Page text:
Up and down. Yesterday was really up and down, the lowest of lows and then the highest of highs. I won't dwell on the lows. I spent most of the day rather depressed, but it really only takes 30 minutes and a bit of an attitude adjustment to turn things around. I was able to lead a really great presentation and un-invite myself to my pity party....then later on that night we had a tender mercy from the Lord.
We were pretty bummed all day that Tracy and Melba didn't come to church, when we thought both of them were going to be there. We visited Tracy, all good there... she is still recovering, but no response from Melba still. That hurts, I think that's one of the reasons why missionary work is so hard is that these people become our dear, dear friends. We think about them all the time, we pray for them daily, and we really want them to be happy. Here's the tender mercy. Sister White needed to grab her journal from a lady in our ward, Sister Pancic. She is the best. We get talking to her and she tells us how she went over to Tracy's, just for the heck of it (did I already mention that she is the best?) and Melba was there. Melba and Tracy had been reading their scriptures together because they didn't go to church and wanted to make Sunday special. That made me feel SO good. I realized that my perfectionist personality had been worrying way too much about little things. Sure, church is really important. It is. But how long did it take me to figure out how important church was? It took a really long time to fully understand that or to even partially understand that. Tracy and Melba were worshiping and strengthening their testimony to the amount that they understood, on their own. That made my whole day. It was such a miracle that we randomly stopped by Sister Pancic's on the way home, so that she could fill us in on how Melba was doing and so that I could go to bed feeling good. Thank goodness for tender mercies!!!!
This is my favorite scripture about tender mercies: 1 Nephi 1:20 And when the Jews heard these things they were angry with him; yea, even as with the prophets of old, whom they had acast out, and stoned, and slain; and they also bsought his life, that they might take it away. But behold, I, Nephi, will show unto you that the tender cmercies of the Lord are over all those whom he hath chosen, because of their faith, to make them mighty even unto the power of ddeliverance.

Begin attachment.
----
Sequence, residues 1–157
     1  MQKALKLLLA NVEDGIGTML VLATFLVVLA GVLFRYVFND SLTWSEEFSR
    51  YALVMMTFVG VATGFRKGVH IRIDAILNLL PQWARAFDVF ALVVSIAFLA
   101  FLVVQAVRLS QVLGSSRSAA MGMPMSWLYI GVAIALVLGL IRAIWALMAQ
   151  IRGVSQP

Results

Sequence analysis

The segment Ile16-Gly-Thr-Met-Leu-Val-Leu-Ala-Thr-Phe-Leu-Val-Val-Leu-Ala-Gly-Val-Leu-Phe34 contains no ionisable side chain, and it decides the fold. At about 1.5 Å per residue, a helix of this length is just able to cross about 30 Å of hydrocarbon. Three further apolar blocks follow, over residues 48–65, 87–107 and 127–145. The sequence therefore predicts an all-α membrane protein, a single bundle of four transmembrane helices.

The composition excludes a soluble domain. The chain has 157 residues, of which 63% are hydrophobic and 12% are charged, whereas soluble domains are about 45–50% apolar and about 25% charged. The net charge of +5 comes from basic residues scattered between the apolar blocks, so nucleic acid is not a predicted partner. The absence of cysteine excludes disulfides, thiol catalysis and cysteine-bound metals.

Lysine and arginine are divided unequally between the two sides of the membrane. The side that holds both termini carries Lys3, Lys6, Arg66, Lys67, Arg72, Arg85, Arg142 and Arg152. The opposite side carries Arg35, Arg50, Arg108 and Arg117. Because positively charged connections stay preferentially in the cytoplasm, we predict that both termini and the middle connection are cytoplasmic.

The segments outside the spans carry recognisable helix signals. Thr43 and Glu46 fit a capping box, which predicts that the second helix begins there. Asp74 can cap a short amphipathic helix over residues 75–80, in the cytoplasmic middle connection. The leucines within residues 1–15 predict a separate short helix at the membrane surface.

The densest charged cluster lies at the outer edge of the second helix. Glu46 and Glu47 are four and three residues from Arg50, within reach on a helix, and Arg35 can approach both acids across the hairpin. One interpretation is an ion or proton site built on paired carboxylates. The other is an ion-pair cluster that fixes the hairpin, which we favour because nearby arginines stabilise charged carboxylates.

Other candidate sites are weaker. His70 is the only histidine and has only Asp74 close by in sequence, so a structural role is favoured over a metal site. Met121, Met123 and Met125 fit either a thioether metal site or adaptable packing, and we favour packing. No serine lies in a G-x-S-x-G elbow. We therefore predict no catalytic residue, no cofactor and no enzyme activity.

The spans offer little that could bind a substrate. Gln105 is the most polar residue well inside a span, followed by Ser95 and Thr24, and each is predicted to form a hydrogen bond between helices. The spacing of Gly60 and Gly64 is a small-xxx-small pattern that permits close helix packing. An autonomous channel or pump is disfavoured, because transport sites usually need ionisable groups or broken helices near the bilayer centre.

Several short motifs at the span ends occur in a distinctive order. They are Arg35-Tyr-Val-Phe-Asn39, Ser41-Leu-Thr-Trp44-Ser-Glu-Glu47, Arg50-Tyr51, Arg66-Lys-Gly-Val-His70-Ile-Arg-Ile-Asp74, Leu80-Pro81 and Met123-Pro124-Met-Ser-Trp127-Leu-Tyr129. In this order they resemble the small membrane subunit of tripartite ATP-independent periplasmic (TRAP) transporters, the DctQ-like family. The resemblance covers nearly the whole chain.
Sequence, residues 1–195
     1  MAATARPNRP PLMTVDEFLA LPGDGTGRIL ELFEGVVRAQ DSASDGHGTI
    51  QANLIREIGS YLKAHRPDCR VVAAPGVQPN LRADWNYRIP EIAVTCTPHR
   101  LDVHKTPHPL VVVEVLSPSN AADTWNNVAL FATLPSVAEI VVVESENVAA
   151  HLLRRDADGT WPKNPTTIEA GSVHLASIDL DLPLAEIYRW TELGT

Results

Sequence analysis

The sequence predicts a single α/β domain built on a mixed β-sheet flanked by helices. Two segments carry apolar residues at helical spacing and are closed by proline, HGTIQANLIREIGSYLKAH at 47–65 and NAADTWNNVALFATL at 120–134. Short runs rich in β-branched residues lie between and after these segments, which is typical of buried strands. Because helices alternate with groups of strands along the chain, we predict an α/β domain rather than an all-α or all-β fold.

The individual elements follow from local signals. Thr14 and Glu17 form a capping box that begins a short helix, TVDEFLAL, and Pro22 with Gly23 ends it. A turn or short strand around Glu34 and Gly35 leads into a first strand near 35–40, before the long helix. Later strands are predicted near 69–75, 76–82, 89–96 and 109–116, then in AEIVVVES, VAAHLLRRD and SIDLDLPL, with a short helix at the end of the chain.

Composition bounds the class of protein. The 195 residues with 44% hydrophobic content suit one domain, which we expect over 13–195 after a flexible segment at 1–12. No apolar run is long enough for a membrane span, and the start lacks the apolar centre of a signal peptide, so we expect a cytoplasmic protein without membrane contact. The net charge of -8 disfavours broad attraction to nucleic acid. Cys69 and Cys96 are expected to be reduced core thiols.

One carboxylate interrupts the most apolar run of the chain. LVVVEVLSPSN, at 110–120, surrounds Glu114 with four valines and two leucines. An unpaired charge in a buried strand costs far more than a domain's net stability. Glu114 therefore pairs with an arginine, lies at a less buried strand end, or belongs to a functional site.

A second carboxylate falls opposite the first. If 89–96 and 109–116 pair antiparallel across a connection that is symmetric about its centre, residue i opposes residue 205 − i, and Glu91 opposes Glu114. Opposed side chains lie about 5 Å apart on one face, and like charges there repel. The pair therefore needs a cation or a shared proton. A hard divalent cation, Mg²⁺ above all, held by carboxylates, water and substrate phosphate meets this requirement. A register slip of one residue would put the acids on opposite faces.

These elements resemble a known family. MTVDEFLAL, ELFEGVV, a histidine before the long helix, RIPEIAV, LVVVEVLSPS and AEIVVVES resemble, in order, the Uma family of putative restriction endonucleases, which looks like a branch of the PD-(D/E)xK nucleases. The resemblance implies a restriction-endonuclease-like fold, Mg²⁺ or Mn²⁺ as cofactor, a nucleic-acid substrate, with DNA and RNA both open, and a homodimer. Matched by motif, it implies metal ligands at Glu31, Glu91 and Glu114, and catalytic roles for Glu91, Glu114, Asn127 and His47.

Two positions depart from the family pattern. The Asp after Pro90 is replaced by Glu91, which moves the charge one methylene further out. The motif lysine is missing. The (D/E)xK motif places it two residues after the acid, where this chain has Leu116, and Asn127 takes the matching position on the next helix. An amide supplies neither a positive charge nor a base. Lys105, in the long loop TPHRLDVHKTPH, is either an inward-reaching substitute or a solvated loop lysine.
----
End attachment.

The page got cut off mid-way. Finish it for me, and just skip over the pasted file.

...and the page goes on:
Meredith is doing great. She is the cutest. I got to bust out a few of my teaching skills on Saturday. She is a little behind in math and we went over and I tutored her for about an hour. It was so fun to teach. I have realized that I am a much better teacher because of my mission. I haven't stepped foot in a school classroom in over a year, but I think all around my teaching skills have improved. Funny how that works. I know that all aspects of our lives are blessed through gospel service. We did this really fun lesson on goals and creating a vision for our life. We cut out all these pictures from the New Era magazines and put them on a poster for her. It was neat to see how much her life can change as she grows in the gospel. Her goals included serving a mission, getting married, going to college... which was a far cry from what she looked forward to a few months ago. She told us that her biggest dream in life before moving was to go on a booze cruise in Greece. She doesn't even know about the Word of Wisdom yet and she already thinks that past goal is a stupid idea.
I am really excited for General Conference! It is the best as a missionary/also just the best. One of my favorite stories from the history we teach at the Liberty Jail is that of Jacob Haun. I have learned a lot from this story about our consecration, and I know it changed my attitude about General Conference and following the prophet. So Jacob Haun was one of the earliest settlers in a settlement of church members called Haun's Mill. It was a small settlement located near the outskirts of Caldwell County, the "safe" county for the members of the church. Violence was increasing throughout the counties and Joseph Smith had recommended that the members of the church in the outlying settlements move in. Jacob spoke with Joseph asking for permission to stay explaining that if they left they would lose their mill, their land, their homes, and everything they had. Joseph explained that it would be far better to lose their property than to lose their lives, and said again that they should move in to Far West. Jacob Haun continued to protest. He gave excuses and plans for how they would be kept safe and could be exempt from the counsel. Ultimately Joseph said that they were at liberty to do as they would... he commented that Jacob hadn't come for counsel but only for permission to do as he already had made up his mind to do. We know that just a short time later that same settlement of Haun's Mill was massacred by a mob and 17 people were killed and 14 badly injured.
This really got me reflecting about my commitment to following the counsel of church leaders and the Lord. Is our commitment conditional? Do we follow only when it is convenient and when the sacrifice fits into our ideals or schedule? I've realized more and more that safety lies in following the counsel of church leaders. They stand as watchmen, ready and willing to warn us and help us prepare temporally and spiritually. As our hearts are open we can receive that counsel, but we are always at liberty to do as we will. I'm excited for general conference and I hope we can all prepare to have open hearts and minds.